With revelations about the NSA’s programme of spying on US citizens earlier this year, we have never been more watched, and the security vesus privacy debate has never been more relevant. Because we at Screen Goblin have our clawed finger on the pulse of current affairs, we’re going to be watching films about watching. Films which deal with surveillance, civil liberties and abuse of power. And where better to start than the most famous surveillance-based tale ever told? It’s 1984’s Nineteen Eighty-Four:
The continued relevance of Nighteen Eighty-Four is often trumpeted in hyperbolic proportions, but with continuous news revelations about “liberal” governments spying on their citizens it’s worth taking these comparisons seriously.
A faithful adaptation of the famous novel, Nighteen Eighty-Four follows Winston Smith, an ordinary man in an extraordinary dystopian future where people are watched 24 hours a day and live in fear of being accused of “thought crime”. He works at the “Ministry of Truth” where he’s in charge of altering documents and newspaper articles to fit history as it is rewritten by the party.
Made in London in the exact months detailed in the novel, it’s a carefully and precisely produced film. As bleak as any distopian future, John Hurt turns in an excellent performance as Winston, capturing his lonely despair. There’s also some great music by the Eurythmics giving it a disconcerting, minimalistic, electronic feel. The fact the film is now quite old means that it’s probably closer to what Orwell imagined than if it was made now and included an extrapolation of modern technology. Sure, we have better technology now than much of what is in this film, but retrofuturism and the way the future changes based on the time it was imagined is fascinating, and while we can point to aspects of Nineteen Eighty-Four and observe their inaccuracy, mostly in the sense of the technology imagined, it is certainly close to Orwell’s vision, which is to be commended. It’s grimy rather than shiny; the poverty of the era present in every frame. And, yes, it’s still relevant today.
One sense in which it keeps its relevance is the way those in power manipulate language to suit their own ends. “Spin” is the now widely accepted political process of presenting information in such a way that it appears positive, even if it isn’t. The British ministry responsible for invading foreign countries in no longer called the “Ministry of War” it’s the “Ministry of Defence”, “torture” has become “enhanced interrogation” and an evacuation of an embassy is a “reduction in staffing“.
There’s also the telescreen, that sits on the wall of every home, constantly pumping propaganda into people’s bedrooms and watching their every move simultaneously. While we are not quite at this stage, the idea of a screen in every room is accurate, and in the UK we are now the most watched nation on the planet. On an average day a Brit will be caught on around 70 CCTV cameras, and even Orwell didn’t foresee the presence of surveillance in the streets. One of the most popular arguments used by the defenders of surveillance technology is that if you have nothing to hide you have nothing to fear. Would the people who argue this also support compulsory telescreens in their houses?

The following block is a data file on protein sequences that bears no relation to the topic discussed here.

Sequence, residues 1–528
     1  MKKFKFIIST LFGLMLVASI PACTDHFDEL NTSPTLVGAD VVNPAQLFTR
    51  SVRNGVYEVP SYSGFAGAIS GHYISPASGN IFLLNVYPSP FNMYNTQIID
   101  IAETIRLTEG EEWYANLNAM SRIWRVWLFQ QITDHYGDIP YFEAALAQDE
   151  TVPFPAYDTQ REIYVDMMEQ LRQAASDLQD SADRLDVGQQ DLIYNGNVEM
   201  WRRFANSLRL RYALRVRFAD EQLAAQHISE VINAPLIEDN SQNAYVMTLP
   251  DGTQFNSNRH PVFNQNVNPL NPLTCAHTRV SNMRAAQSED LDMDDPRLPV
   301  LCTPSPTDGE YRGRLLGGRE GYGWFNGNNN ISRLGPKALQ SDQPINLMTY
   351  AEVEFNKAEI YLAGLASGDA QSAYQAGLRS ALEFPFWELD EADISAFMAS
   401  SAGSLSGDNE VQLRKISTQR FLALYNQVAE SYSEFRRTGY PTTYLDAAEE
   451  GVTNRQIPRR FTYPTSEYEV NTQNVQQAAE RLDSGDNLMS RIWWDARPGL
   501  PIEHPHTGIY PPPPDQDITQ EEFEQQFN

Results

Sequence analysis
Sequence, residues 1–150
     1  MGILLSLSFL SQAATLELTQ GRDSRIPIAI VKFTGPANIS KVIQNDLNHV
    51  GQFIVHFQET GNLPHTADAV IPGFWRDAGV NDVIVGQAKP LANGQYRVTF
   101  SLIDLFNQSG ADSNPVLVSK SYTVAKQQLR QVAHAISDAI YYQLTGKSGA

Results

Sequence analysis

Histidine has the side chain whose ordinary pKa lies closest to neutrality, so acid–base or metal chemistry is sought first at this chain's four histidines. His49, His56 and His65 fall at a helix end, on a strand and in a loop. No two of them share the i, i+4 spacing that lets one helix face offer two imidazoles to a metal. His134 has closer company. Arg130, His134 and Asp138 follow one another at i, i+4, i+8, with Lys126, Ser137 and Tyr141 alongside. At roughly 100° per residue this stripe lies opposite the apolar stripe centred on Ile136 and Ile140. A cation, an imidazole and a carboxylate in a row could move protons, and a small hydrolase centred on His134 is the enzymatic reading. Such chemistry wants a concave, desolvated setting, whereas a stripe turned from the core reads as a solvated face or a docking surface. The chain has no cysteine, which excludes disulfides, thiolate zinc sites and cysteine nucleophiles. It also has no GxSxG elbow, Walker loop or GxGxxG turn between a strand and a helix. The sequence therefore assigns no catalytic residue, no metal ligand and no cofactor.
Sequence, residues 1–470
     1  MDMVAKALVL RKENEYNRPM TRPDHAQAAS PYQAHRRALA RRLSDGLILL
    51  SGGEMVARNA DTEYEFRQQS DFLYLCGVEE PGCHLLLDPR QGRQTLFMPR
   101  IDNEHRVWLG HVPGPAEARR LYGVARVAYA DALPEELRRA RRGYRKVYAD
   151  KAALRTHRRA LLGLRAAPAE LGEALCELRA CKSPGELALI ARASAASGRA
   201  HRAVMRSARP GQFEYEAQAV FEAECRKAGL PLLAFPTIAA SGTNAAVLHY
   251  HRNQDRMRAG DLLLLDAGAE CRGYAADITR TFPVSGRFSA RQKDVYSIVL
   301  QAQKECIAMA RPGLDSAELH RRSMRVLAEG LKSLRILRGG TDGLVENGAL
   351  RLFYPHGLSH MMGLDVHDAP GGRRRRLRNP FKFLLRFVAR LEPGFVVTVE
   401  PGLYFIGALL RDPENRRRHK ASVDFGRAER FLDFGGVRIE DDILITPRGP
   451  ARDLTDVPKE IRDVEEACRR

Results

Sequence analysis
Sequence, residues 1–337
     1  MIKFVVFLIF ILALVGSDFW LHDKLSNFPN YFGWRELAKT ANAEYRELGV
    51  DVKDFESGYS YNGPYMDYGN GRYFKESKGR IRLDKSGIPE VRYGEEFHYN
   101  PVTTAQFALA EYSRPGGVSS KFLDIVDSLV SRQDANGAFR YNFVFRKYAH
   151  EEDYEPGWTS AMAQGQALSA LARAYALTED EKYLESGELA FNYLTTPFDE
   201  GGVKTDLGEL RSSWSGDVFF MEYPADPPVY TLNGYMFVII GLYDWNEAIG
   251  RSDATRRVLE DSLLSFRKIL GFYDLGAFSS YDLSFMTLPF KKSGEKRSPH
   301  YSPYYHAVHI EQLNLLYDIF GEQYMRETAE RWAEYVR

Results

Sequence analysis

The following contains spoilers. If you haven’t seen or read Nineteen Eighty-Four, why not?
Bradley Manning (right), the young soldier responsible for 2009’s Wikileaks revelations, recently made a public apology for his actions, following three years of detention without trial, most of which has been spent in grim solitary confinement supposedly dictated by his fragile mental health. Nineteen Eighty-Four ends with Winston Smith’s sincere admission of guilt following prolonged torture. It is, of course, unclear whether Manning truly meant his apology or if he was making a last attempt to reduce his sentence. What we do know is that Manning has struggled with his gender identity, and expressed one of his greatest fears was appearing in the world’s media as a man, something which has since happened and no doubt caused him enormous strain on top of the unimaginable stress he must have already been subject to. Whether sincere or not, can Manning’s confession be seen as any more meaningful than Winston’s? Or are they both just the product of an authoritarian regime successfully controlling people’s minds? It’s certainly hard to find any meaningful moral difference between the two, who both dared to question authority and the status quo, both making a significant sacrifice and facing their greatest fears, in Manning’s case for the greater good of bringing the truth about the Afghan war to light, and in Winston’s to commit a tiny act of rebellion against an oppressive regime.
Manning has also been held up as a traitor in a Goldstein-esque way with his long imprisonment without trial and charge of “aiding the enemy” in spite of doing no such thing in any measurable sense. But the true Goldstein of our era must be Osama bin Laden. Following 9/11, finding bin Laden was held up as being of paramount importance to US foreign policy and a big argument behind the invasion of Afghanistan. This isn’t to deny the role bin Laden actually played by comparing him to the probably fictitious of Emmanuel Goldstein, but to claim the idea of bin Laden has been used and inflated to justify the invasion of foreign lands and the implementation of extensive anti-terror legislation.
Nineteen Eighty-Four has had a huge impact for its distopian vision and has become the template of oppressive state power. This is an accurate and engaging adaptation which captures the bleak future and makes one of the greatest science fiction novels of all time into a great science fiction film in its own right.